Kim Duncan is a CSJ program leader from Portland Oregon. She led a delegation from two churches in Oregon, including her own.
Last October, a group from three UU congregations in Oregon went on CSJ’s Border Justice tour on the Arizona – Mexico border. On April 19th, we presented our experiences following the service at the First Unitarian Church of Portland. It was a rousing success!
Homemade Mexican tamales made by our friend, whose husband many of us have supported while he was in sanctuary in Portland – as well as an interest in US immigration policy and border conditions – drew nearly 40 people at Portland’s First Unitarian Church on Sunday.
What they heard, and what we were privileged to report on, were the experiences both wrenching and uplifting, that confronted us during our six day journey with CSJ partner, BorderLinks, in Tucson, Arizona.
We confronted a wall that was ugly, high and forbidding along our border. We saw altars along the desert migrant trails, commemorating the deaths of those who tried to cross but failed. We met migrants in Mexico who said they would continue to cross, in spite of the risks, because the danger they fled in Central America is worse, or because there are jobs waiting for them in the US. We saw the cast-off belongings left behind in the desert as immigrants made their way north. We witnessed 50 shackled migrants appear together in a courtroom and within a half-hour be mustered out and deported back to the border or to jail. We learned that private prison companies are making profits out of our border policies.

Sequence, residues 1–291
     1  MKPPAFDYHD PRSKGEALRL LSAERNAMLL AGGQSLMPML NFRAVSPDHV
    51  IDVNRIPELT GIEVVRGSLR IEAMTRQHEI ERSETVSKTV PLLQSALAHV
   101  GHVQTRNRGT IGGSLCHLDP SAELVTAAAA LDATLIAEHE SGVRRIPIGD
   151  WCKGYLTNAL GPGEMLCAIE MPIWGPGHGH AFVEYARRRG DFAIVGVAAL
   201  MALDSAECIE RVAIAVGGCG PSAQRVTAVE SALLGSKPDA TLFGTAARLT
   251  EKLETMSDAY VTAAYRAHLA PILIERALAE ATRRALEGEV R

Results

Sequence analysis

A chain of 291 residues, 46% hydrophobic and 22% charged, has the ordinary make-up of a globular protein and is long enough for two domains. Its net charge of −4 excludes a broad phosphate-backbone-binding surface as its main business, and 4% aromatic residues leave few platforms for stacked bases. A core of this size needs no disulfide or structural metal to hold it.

We were appalled.
We didn’t get clear answers about how to remedy this mess, but we met many heroic individuals trying to relieve the day-to-day suffering and angst in their communities. We met with people and organizations providing hidden way-stations in the desert that supply water and medical care to migrants; we talked with advocates trying to change the court processing; we visited with a woman named Rosa who was in sanctuary for over a year in Tucson, whose faith was inspiring. We were relieved to hear that her faith was rewarded a month later when she was free to go home.
We were humbled and touched by these experiences.
We presented this and more on the 19th. We replicated the cross planting ceremony that we performed with Frontera de Cristo in Douglas – honoring those who gave their lives for a better life. We invited speakers knowledgeable on US border policy and the violence that is pushing people to leave their homes and risk everything to come to the US.
Today, many in our group are at work in Portland helping where we can with individuals and families affected by our country’s immigration policies. We are advocating for Congressional action to fix this nightmare and we are endorsing efforts to divest funds in organizations invested in private prisons.
There aren’t any simple answers, we know that. But we saw our nation’s current policies in action – which waste lives, build terrible resentments, and punish desperate people who, like some of our own forebearers, are seeking better futures.
We can do so much better for them and for us.